I am very pleased, however, that President Obama has brought a breath of fresh air into the US, even if his position may appear to have been weakened somewhat recently. One thing is clear, and that is that we will be on the side of those who defend this rule of law.
Mario Mauro (PPE). – (IT) (The speaker begins speaking with the microphone turned off) … by which the new powerhouses of the world move, in my view, the transatlantic area still remains the most developed and efficient economic area on the planet.
It is true that there is a widespread and – in many ways understandable – rush to a commercial agreement, for example, with countries like China. However, I believe we must not forget the fact that the existing relationship between Europe and the United States has, for a very long time, been the link that, more than any other, we must take care to hold dear and guard almost jealously.
This consideration is a result of the histories of both Europe and the United States. Indeed, it is demonstrated by the common love of democracy, peace, rights and the market economy. Acceleration of the process of strengthening transatlantic economic integration is indeed indispensable in order to promote global development based on a combination of values whose stated aim is to reach an acceptable standard of living for all people of the world, following a fair and effective policy of multilateralism which contributes to the construction of a more democratic global structure, which is therefore more free.
I therefore appeal to those managing the European Union’s foreign policy at this time. Over the years, we have noted how the abilities of the US leadership – whoever the President was – have always had an enormous role in global transatlantic decisions. It is time for us, too, to take the situation in hand. We derive strength from the will of 500 million people and from a new and more solid institutional structure that must give us the ability to abandon the temptation to hide behind the American giant and instead take the destiny of our people into our own hands, perhaps asking our friends in the United States to state their position on a single seat for the European Union at the United Nations.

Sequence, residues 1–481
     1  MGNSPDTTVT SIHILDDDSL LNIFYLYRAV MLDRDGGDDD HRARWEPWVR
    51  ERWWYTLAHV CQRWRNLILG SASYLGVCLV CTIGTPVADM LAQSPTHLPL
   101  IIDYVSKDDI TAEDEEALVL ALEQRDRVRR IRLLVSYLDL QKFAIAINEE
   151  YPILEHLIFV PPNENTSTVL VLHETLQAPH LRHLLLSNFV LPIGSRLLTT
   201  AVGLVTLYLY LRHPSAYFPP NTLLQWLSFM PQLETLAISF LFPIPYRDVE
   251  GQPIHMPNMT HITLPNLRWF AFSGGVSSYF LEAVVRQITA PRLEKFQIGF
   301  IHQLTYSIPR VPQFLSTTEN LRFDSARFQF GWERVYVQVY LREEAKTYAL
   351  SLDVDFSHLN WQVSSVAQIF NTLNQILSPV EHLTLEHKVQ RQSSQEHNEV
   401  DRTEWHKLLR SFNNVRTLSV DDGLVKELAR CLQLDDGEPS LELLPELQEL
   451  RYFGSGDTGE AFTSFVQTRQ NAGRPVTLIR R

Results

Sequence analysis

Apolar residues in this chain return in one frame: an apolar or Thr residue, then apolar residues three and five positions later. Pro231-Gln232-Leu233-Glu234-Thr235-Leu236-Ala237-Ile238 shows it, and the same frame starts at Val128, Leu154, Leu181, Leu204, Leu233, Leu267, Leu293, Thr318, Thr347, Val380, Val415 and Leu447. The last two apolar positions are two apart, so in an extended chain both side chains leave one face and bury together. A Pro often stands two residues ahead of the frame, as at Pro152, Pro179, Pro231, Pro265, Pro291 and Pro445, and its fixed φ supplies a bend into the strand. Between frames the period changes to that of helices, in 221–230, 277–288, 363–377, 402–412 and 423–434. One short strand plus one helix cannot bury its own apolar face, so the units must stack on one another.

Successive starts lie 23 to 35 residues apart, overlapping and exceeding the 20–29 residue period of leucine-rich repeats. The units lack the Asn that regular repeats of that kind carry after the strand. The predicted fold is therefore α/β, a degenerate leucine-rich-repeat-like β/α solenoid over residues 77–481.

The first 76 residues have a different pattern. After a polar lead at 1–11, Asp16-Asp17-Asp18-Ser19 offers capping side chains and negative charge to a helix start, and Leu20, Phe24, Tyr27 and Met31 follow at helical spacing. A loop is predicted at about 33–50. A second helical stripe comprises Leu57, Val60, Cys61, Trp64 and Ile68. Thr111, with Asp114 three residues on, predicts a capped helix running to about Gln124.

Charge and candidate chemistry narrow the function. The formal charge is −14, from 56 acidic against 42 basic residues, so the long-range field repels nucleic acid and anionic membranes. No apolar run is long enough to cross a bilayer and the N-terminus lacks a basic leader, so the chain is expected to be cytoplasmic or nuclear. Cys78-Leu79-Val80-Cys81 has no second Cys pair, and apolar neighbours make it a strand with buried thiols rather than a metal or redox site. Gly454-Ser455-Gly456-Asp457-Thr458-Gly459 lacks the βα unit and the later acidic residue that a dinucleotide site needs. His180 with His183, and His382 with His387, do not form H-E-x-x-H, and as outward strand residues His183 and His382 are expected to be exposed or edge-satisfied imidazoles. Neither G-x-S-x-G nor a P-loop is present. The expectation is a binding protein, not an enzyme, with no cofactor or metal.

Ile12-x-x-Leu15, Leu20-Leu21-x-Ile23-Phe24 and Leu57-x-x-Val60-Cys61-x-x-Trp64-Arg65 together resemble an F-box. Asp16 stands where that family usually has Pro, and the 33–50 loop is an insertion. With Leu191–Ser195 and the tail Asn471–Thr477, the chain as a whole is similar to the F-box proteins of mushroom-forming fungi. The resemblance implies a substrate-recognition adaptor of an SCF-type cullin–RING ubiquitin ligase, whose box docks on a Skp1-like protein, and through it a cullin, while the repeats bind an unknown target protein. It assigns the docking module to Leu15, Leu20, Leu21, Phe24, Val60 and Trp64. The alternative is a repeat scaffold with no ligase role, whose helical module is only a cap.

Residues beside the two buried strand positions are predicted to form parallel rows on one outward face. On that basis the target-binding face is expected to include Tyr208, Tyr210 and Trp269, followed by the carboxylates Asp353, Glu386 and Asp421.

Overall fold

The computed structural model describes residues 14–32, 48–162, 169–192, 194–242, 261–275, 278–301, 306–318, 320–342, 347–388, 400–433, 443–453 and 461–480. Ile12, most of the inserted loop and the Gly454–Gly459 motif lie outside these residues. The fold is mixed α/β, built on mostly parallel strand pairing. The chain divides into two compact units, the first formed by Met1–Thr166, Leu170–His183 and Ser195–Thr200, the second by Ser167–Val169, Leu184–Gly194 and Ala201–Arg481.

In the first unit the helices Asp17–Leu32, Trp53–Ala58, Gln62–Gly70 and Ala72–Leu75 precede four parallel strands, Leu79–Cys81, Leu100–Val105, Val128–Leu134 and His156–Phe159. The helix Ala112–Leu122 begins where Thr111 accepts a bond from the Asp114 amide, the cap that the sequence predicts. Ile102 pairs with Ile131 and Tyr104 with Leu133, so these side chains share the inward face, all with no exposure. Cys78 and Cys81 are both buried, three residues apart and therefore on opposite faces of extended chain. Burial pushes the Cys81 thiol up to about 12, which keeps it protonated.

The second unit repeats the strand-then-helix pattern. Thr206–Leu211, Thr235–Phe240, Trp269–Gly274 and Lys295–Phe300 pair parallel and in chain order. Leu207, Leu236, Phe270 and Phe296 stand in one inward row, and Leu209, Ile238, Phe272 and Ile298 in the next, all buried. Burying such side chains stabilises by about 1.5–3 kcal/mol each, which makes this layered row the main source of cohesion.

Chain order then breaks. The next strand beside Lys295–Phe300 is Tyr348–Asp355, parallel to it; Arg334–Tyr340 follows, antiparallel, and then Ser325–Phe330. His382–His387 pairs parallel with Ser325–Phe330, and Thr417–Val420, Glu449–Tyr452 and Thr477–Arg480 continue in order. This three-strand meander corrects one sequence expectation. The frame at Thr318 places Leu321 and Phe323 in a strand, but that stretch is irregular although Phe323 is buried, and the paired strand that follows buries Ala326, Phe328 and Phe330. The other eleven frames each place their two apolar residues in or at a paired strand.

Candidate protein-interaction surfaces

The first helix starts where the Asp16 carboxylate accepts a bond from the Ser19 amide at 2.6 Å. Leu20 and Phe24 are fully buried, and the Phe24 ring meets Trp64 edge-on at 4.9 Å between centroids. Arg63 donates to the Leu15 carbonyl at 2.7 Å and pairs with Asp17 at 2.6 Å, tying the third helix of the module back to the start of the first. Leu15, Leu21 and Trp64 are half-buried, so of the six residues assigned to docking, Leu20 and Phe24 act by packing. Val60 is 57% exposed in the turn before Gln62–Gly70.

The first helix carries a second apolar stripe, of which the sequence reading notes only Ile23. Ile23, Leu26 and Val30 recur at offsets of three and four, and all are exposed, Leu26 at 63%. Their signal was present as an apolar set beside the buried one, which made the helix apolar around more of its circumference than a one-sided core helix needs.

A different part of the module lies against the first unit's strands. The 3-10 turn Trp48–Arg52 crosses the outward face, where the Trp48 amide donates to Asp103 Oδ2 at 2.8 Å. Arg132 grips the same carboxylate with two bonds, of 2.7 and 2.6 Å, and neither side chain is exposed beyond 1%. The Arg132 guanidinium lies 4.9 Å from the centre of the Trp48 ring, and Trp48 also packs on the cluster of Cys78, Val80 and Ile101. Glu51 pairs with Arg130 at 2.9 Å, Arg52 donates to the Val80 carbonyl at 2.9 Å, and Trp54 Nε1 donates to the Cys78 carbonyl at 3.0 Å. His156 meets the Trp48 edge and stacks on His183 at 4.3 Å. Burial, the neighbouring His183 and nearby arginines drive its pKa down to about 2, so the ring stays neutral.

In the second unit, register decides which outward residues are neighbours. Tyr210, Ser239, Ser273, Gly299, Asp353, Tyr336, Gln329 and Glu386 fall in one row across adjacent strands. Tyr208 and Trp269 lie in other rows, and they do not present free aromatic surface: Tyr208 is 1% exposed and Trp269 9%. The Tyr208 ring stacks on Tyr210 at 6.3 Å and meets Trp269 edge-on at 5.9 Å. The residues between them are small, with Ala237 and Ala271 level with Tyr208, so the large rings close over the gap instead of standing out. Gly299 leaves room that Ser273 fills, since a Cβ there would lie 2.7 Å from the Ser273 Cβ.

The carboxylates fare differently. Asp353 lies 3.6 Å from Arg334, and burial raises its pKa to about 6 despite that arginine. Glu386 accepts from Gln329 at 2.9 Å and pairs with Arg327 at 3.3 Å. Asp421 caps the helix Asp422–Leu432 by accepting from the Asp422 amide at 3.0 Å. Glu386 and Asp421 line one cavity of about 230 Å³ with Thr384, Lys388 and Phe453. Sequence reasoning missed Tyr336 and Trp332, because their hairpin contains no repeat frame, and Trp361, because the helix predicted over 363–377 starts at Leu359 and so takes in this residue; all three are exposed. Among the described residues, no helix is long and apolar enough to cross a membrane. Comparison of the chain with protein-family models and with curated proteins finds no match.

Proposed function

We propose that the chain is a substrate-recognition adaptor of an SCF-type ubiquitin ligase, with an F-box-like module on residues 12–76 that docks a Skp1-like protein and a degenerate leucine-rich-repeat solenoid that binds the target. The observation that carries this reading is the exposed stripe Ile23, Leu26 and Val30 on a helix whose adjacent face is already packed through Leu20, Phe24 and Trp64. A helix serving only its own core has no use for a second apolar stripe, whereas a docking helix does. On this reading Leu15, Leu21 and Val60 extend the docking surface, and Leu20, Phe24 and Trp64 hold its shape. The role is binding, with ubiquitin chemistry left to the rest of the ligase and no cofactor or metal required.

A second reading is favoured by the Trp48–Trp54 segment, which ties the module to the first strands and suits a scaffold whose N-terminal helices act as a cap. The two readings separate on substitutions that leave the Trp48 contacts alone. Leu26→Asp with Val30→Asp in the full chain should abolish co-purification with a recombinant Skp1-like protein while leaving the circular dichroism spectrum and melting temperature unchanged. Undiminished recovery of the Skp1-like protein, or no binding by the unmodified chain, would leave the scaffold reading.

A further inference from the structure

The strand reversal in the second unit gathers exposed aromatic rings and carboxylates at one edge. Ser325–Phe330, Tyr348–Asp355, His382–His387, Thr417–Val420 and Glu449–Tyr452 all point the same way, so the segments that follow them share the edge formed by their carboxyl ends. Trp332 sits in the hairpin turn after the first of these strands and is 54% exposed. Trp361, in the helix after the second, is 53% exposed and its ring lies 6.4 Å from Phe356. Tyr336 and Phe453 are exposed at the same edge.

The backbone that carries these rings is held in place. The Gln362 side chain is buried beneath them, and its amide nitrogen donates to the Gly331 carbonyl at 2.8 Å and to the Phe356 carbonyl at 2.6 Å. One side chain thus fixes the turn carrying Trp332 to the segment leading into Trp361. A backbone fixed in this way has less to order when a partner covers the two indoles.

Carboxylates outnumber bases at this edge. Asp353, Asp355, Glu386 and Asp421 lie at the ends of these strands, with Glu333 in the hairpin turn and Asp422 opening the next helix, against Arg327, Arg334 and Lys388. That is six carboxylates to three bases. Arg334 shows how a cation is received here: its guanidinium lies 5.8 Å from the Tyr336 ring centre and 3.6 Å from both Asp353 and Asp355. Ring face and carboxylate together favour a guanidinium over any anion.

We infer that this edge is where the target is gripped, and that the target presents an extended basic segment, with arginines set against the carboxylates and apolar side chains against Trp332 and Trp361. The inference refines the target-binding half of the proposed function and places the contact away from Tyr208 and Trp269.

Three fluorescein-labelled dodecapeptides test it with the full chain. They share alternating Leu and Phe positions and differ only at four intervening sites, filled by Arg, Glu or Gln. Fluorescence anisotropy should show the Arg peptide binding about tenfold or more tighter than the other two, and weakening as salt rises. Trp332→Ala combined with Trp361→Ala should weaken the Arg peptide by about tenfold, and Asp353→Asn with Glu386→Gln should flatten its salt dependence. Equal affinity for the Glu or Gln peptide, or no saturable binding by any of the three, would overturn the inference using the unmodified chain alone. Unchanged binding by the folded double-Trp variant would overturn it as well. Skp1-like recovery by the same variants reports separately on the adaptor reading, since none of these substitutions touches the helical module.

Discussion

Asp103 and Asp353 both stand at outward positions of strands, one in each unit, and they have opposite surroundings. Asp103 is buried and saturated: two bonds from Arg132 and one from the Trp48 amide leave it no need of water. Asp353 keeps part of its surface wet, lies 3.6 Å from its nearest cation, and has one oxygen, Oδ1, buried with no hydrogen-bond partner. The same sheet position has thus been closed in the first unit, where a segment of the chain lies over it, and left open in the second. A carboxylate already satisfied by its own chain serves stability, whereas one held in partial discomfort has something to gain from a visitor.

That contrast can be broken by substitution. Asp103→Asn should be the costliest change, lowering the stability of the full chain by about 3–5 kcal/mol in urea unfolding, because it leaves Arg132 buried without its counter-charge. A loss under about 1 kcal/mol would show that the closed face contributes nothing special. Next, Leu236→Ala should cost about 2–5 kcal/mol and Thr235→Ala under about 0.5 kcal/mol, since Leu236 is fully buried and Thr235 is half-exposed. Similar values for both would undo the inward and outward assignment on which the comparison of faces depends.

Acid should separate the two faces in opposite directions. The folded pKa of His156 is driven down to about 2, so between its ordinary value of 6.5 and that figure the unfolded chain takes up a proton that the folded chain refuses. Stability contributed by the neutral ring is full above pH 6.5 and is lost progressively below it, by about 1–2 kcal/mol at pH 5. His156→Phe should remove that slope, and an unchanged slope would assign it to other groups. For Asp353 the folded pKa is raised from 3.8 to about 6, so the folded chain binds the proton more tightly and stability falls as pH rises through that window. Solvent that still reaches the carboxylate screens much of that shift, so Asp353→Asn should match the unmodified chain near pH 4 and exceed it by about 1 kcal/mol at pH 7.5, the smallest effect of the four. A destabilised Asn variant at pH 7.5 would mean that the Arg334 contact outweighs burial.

Ioan Enciu (S&D). – (RO) I welcome the EU-US data protection agreement, which must be supported in order to strengthen cooperation in the areas of combating crime and terrorism. As the European Parliament has stated on frequent occasions, the lack of US data protection legislation which is compatible with European legislation raises serious question marks over the actual protection which Europeans will enjoy within the United States.
In this context, I would like to ask the Commission and Council what guarantees will actually be given in practice concerning the rights of Europeans to lodge judicial and administrative appeals, as well as proportionality in terms of the various US authorities and agencies processing and accessing data and, last but not least, how supervision of the entire process by an independent authority will be guaranteed.
Nuno Melo (PPE). – (PT) The world is experiencing some very difficult times. In such difficult times, we should have no doubt as to who is our ally and who is our enemy. The United States is one of Europe’s key allies. Terrorism is being fought on a global scale against entities who do not even have a face both inside and outside our common area, and this fight is aimed at safeguarding the values of civilisation, which we want to defend.
Yet the pre-eminence of these values that we wish to defend also means that in Parliament, the Commission and the Council, we can and should demand clear rules on data protection, the protection of personal rights and the right to privacy. The prevention, investigation and prosecution of crimes cannot happen at the expense of the disregard for and violation of individual rights. Neither Europe nor the US would allow this to happen. Once again emphasising the critical importance of transatlantic relations and good cooperation at all levels between Europe and the US, we should therefore support negotiations for a future global agreement which sets out rules, safeguards rights and, on a reciprocal basis, does not demand any less from the US than what we are also prepared to concede to the US in the light of this common goal.